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Read an Excerpt From Guy Gavriel Kay’s All the Seas of the World


Read an Excerpt From Guy Gavriel Kay’s All the Seas of the World

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Read an Excerpt From Guy Gavriel Kay’s All the Seas of the World

On a dark night, along a lonely stretch of coast, a small merchant ship sends two people ashore: their purpose is assassination.


Published on April 15, 2022


On a dark night, along a lonely stretch of coast, a small merchant ship sends two people ashore: their purpose is assassination.

We’re thrilled to share an excerpt from All the Seas of the World by Guy Gavriel Kay, out from Berkley and Viking Canada on May 17th.

On a dark night, along a lonely stretch of coast, a small merchant ship sends two people ashore: their purpose is assassination. They have been hired by two of the most dangerous men alive to alter the balance of power in the world. The consequences of that act will affect the destinies of empires as well as lives both great and small.

One of those arriving on that stony strand is a young woman who had been abducted by corsairs as a child and sold into years of servitude far from her home. Having escaped, she is trying to chart her own course—and is bent upon revenge. The man who will bring the others out from the city on his ship—if they survive their mission—still remembers being exiled as a boy with his family, for their faith; it is a moment that never leaves him. In what follows, through a story both intimate and epic, unforgettable characters are immersed in the fierce and deadly struggles that define their time.




The memory of home can be too far away, in time, in distance across the vastness of the earth, or of the sea.

It can fade or blur for us as the years pass. And there is often pain in that, too. In their dreams some travel back to remembered voices, sounds, scents, images. But many do not dream, or not of the place they came from. Too much loss, too old and hard a sorrow. And some who have such dreams forget them in the morning’s light where they find themselves. That can be a blessing.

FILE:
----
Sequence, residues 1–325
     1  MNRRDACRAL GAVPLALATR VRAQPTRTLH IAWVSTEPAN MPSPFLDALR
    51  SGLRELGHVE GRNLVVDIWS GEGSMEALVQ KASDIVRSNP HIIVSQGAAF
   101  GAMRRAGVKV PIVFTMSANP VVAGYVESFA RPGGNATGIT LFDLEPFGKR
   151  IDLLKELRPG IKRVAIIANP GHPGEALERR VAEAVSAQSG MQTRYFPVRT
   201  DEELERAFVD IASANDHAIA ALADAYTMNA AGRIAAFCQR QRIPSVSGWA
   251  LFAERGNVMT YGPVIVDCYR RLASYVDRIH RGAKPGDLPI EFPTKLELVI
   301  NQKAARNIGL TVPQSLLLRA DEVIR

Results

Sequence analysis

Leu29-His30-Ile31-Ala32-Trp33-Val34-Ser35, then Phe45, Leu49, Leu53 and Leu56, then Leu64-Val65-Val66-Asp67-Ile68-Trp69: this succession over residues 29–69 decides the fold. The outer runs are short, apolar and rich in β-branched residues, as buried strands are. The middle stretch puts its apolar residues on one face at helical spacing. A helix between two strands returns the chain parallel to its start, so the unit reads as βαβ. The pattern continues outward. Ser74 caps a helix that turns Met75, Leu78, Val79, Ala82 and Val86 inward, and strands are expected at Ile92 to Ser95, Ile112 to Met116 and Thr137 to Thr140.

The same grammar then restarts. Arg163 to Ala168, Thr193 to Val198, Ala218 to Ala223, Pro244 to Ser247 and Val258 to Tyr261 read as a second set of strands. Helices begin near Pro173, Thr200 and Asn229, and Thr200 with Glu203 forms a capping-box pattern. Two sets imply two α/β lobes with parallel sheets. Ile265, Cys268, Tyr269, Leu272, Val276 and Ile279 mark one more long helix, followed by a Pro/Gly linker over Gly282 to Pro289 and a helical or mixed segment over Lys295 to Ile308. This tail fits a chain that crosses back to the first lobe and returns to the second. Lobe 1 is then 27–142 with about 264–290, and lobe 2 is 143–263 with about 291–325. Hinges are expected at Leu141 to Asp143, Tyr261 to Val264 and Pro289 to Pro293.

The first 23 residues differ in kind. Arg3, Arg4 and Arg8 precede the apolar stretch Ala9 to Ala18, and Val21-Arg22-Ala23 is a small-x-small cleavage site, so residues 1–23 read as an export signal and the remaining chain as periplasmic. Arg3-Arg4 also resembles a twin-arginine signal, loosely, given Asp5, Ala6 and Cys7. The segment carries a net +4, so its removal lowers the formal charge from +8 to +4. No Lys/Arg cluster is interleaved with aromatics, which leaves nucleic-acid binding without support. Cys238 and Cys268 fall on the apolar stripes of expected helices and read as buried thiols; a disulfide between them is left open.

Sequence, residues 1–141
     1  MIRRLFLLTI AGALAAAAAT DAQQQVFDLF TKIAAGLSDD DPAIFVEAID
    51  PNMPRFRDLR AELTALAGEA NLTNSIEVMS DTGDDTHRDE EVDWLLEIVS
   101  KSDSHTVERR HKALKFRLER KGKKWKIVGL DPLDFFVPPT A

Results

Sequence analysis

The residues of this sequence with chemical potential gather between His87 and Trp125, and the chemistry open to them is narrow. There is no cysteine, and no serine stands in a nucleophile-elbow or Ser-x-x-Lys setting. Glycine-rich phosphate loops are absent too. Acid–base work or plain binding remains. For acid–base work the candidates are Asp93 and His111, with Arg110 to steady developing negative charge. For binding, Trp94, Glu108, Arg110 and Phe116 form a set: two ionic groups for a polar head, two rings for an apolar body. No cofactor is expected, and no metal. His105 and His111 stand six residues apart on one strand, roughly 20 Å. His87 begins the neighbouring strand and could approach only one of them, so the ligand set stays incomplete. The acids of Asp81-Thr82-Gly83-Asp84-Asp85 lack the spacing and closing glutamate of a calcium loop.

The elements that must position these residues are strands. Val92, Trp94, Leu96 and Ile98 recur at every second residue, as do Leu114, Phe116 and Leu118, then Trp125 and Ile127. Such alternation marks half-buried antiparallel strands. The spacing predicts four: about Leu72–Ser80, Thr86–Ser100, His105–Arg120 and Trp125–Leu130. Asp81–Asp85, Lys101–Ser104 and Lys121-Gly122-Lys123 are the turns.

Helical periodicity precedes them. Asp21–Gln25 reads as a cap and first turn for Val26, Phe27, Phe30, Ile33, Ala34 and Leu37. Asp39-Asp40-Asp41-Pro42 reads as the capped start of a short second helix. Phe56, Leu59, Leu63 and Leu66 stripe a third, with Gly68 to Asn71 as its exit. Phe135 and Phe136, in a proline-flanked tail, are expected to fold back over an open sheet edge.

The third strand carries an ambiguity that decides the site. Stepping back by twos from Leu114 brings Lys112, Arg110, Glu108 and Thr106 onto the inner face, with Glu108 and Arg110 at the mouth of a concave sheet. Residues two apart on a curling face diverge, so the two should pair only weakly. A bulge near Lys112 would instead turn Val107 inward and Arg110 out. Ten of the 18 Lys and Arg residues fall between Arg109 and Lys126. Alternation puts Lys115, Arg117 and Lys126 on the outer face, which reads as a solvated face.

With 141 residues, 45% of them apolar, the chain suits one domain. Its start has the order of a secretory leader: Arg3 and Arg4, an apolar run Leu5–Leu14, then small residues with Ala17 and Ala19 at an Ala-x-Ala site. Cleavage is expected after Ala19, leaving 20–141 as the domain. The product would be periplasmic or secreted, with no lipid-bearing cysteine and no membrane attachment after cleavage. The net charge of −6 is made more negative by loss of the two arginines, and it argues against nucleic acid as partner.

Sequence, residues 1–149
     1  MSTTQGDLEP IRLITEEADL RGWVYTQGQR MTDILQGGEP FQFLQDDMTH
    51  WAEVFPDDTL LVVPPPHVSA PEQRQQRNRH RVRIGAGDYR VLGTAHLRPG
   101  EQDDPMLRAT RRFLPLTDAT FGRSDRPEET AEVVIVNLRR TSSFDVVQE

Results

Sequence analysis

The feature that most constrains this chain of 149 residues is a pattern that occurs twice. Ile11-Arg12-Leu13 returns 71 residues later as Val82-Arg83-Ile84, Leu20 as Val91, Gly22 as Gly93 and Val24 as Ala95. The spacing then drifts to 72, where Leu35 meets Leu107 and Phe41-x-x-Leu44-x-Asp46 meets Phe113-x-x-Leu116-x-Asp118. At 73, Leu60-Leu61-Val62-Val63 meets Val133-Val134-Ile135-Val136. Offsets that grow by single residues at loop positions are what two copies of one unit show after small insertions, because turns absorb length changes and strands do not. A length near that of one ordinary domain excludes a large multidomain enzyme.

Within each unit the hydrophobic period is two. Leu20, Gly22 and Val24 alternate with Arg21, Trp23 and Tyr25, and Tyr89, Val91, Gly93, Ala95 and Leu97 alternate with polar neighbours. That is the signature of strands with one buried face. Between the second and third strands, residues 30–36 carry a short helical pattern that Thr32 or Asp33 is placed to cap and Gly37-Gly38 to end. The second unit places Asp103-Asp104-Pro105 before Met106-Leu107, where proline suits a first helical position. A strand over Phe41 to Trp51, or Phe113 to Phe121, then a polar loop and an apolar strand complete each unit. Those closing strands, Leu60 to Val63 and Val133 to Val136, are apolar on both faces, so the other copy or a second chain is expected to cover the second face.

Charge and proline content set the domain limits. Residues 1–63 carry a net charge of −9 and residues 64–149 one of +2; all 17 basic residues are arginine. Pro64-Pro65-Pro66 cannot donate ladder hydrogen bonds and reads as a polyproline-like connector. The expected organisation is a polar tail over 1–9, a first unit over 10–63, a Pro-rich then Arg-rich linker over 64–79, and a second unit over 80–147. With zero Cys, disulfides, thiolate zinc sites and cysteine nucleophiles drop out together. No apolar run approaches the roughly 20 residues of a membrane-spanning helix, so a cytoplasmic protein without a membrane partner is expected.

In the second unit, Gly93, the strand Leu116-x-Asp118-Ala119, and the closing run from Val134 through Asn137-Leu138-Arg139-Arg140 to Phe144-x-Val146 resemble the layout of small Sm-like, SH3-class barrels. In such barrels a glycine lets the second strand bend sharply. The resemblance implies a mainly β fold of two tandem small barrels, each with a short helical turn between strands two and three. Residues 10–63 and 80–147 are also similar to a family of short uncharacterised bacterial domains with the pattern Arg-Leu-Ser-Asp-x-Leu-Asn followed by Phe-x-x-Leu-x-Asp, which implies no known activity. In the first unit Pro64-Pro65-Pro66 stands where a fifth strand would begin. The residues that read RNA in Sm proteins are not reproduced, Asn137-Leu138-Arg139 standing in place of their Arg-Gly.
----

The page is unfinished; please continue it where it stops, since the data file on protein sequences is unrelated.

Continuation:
There will be others who cannot forget. Who wrap themselves in memories as in a heavy cloak. They will walk a street in a far city at twilight and hear a stringed instrument down a laneway, and it takes them back. They might decide to go up that lane, towards where a spill of light suggests a tavern, or perhaps someone’s home with a courtyard where music is being offered at day’s end.

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All the Seas of the World
All the Seas of the World

All the Seas of the World

Most often they do not. They do not do that. Perhaps it isn’t, as they listen, the remembered instrument from their childhood. Nor the tune of a song their mother sang to them at bedtime after prayers. There are no orange blossoms here. No oleanders, mimosas, no jacaranda trees with blue-purple flowers. There might be fountains in this distant city, but not like the ones remembered from that time before they were forced to go away, uprooted like a tree torn from its earth.

For someone else, their memories, or the dreams pushed away at sunrise, might be very different, but just as hard. From a time, say, before they were stolen as a child from a place with other sorts of trees and flowers, but home.

There are many different ways for a home to be lost, and for the world to become defined by that loss.


There are also many different ways into a tale.

Whose voice, whose life will start it off ? (Whose death?) Where are we when the ship of our story moves from shore towards open water, past rocks that need careful navigating? Or, where are we when someone does decide to walk up a darkening laneway towards the pull of music, and listens at an open doorway? And finds…

These things matter for the reader or the listener—and so for the teller. They matter, whether it is being written down on a creamy parchment bought in a canal-side bookshop in Seressa, to be set in type and printed and bound one day, or if it is being told to a smaller or larger crowd in the storytellers’ quarter by the marketplace of some city, between the morning and the midday summoning to prayer.

There are women and men here, ready to step forward into what light we have. There are others circling them, with affection or malice (or doubt as to which of these will prevail). We might even go back, start with people expelled from their beloved Esperaña. Or to a girl taken by raiders from her family home far to the east of that land. Or to the man who—

But see. Look now. Even as we speak of these things, as we consider the differences shaped by choosing one opening note or another to play, there is a ship in the night, sailing without lights along a coast, the last lantern just now doused by order of the captain.